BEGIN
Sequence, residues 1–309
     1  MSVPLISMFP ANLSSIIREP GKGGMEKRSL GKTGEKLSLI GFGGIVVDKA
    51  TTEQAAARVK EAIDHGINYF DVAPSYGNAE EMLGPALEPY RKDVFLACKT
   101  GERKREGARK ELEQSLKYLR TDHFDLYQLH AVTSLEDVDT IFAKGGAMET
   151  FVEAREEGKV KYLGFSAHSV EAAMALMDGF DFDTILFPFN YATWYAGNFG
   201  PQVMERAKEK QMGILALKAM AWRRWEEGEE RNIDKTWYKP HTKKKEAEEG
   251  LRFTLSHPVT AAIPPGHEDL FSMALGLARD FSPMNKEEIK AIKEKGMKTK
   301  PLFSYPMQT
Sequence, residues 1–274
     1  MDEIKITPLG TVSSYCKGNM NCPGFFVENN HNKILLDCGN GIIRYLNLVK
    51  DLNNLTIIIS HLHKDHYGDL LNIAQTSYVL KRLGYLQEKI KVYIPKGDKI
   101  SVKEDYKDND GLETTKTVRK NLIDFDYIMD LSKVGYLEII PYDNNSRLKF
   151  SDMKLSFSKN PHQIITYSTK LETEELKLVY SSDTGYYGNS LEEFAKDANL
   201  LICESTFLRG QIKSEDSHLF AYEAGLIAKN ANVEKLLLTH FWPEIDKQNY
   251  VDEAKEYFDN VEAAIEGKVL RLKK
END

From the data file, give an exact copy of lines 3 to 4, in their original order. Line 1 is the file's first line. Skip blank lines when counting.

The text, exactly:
    51  TTEQAAARVK EAIDHGINYF DVAPSYGNAE EMLGPALEPY RKDVFLACKT
   101  GERKREGARK ELEQSLKYLR TDHFDLYQLH AVTSLEDVDT IFAKGGAMET